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How this all-weather approach beat the market


The term balanced fund has been somewhat maligned after being the core product of insurance salesmen throughout the 70s and 80s to the catch all for high and low risk superannuation options it is today. Yet with uncertainty comes opportunity, and a new breed of ‘balanced fund’ is emerging.

The All-Weather portfolio, run by Melbourne-based boutique Cor Capital, has a rare ‘defense first’ approach which gives it the ability to weather volatile global events a lot better than most. According to Portfolio Management Davin Hood, this should make the Cor Capital Fund highly attractive to SMSF trustees. Hood says SMSFs “will be increasingly attracted to fund managers offering capital preservation post-COVID-19.” Especially those SMSFs near or in retirement, that can’t afford taking on any added risks.

So, what do they do?

  • The investment team seeks to generate stable positive returns, irrespective of how bad economic or financial conditions are. Their sole objective “is to generate medium to long-term returns, without significant interim drawdowns”. They seek to achieve this by investing and trading in developed-market equities, precious metals, fixed interest, and cash. The Fund portfolio is highly liquid and diversified.”

    What does the fund hold? It’s quite simple actually, around one quarter is held in cash, government bonds, active equity indices and precious metals. Derivatives are used sparingly to assist with rebalancing and hedging risk when markets rally.

    Performance trumps objectives

    The strategy returned -0.35% (net of fees) for the 3 months ending September 2020, underperforming benchmarks over the short period, but the return for the last 12 months was 5.6%. This compares to 0% delivered by the average superannuation balanced fund over the same period. So, if you had $1.0 million invested in Cor compared to an average balanced fund, you would be $56,000 better off in the last 12 months alone.

    It’s always best to compare like with like, in this case the most comparable fund would be the Vanguard Balanced Index Fund. A liquid, diversified, strategic asset allocation driven strategy. The fund tracks the weighted average return of the Balanced Composite Index, offering broad diversification across multiple asset classes, seeking a balance between income and capital growth. It splits the portfolio 50/50 between income assets and growth assets. The Vanguard Balanced index fund’s annualised performance for three months was 1.8%, six months was 9.1% and twelve month performance was just 1.2%.

    The asset allocation is quite similar, with 50% in cash and bonds and 50% in equities, with previous metals and cash the biggest differences and in this case, the detractors.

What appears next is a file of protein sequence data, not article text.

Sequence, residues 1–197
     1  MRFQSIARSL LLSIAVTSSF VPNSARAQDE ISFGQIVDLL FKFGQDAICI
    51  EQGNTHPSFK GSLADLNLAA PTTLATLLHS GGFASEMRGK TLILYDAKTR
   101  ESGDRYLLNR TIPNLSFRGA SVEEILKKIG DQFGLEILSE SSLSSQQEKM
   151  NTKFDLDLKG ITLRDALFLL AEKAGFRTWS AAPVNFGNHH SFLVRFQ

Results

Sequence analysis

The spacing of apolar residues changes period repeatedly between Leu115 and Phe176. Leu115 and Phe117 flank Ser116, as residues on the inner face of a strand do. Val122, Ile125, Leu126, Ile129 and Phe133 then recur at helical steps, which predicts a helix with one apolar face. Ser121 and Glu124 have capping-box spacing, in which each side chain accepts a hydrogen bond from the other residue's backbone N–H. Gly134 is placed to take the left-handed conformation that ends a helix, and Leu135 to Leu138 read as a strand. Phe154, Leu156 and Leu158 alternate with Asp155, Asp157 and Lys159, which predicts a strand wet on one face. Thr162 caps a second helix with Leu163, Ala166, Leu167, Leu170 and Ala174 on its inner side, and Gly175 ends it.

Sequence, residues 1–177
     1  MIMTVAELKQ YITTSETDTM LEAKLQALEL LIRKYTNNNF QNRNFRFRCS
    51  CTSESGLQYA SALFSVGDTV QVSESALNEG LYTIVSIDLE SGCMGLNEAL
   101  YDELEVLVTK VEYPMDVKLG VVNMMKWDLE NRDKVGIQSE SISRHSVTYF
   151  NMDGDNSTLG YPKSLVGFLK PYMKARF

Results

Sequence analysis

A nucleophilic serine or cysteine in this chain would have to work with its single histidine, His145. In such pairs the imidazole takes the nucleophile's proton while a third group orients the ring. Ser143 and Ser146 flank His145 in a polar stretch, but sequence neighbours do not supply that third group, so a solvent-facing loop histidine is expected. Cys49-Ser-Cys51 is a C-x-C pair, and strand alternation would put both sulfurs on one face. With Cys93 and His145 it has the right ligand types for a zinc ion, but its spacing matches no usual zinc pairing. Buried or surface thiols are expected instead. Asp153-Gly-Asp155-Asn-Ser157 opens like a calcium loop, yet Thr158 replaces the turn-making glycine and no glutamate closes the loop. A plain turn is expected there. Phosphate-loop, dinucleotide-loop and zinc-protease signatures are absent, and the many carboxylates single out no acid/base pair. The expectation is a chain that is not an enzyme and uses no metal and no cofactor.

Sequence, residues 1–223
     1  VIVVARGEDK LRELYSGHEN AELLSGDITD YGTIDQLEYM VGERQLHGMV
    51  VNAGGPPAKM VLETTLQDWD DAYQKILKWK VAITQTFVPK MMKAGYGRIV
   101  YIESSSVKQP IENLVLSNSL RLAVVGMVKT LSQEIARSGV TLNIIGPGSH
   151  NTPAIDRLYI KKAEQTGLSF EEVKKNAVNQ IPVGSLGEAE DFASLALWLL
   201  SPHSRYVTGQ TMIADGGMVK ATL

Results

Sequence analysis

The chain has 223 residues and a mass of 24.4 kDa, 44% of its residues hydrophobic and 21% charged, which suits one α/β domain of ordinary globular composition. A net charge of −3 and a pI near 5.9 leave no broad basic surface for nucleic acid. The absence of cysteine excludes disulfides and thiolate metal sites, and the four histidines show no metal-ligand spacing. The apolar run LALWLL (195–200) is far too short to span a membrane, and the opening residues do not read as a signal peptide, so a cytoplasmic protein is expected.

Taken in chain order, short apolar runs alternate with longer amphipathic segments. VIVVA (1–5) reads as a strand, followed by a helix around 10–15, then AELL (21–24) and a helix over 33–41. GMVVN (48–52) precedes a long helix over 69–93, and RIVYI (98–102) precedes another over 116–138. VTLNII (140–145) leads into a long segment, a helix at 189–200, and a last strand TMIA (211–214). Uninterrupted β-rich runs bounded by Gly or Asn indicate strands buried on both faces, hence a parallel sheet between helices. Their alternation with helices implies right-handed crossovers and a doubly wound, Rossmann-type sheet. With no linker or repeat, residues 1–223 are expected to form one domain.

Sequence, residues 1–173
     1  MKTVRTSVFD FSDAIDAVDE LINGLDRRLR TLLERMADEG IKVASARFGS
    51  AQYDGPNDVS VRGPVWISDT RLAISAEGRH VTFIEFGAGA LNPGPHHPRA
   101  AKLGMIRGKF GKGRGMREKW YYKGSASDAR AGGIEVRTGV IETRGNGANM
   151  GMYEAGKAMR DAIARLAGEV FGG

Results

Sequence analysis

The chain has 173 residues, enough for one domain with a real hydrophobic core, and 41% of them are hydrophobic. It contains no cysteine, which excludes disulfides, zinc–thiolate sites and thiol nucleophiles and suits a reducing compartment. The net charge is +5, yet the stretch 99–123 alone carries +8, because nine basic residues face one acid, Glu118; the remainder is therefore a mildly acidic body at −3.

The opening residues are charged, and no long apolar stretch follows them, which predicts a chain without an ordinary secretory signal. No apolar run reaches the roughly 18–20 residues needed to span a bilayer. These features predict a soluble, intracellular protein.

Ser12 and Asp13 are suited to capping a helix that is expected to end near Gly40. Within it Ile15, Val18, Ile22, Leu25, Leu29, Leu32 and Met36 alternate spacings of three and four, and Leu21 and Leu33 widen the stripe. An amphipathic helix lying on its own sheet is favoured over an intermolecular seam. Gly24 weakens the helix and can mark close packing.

First do no harm

    The defense first strategy means that the team must take a realistic view on markets. In this vein, Hood believes that the decade long bull run cannot continue unabated forever and the day of reckoning must come soon. “The markets can’t continue to defy economic reality forever. SMSFs will not be immune to any market correction of risk assets…. “the traditional 60/40 type portfolios (60% growth/40% defensive) that many SMSFs rely on will, in all likelihood, fail to meet their investment objectives in the coming years.”

    He says, some of the reasons can boil down to weak and volatile markets, but investors consistently underperform fund managers due to the poor decisions on when to buy, sell or switch out of funds. The expectation after COVID-19, is that lower returns and increased volatility could be the new norm and with that investors holding higher allocation to risky assets will probably make more poor investment decisions under stress. In a world of much lower returns, fund managers with investment strategies aimed to protect capital are a lot better placed than growth managers because they “maintain purchasing power and provide alternative sources of return not tied to high allocations to equities.”

    Against the Vanguard Balanced fund and its peers, the Cor Capital Fund is placed in Morningstar’s Australia ‘multi asset – balanced’ database as the #1 performer over 1 and 5 years, as at 31 July 2020. Cor Capital says, “given the Cor Capital Fund’s diversified but active portfolio is designed to maintain performance during periods of uncertainty” the fund is well position for volatile geopolitical events such as the US election, a downturn in the domestic property market, or even a bond market glitch.

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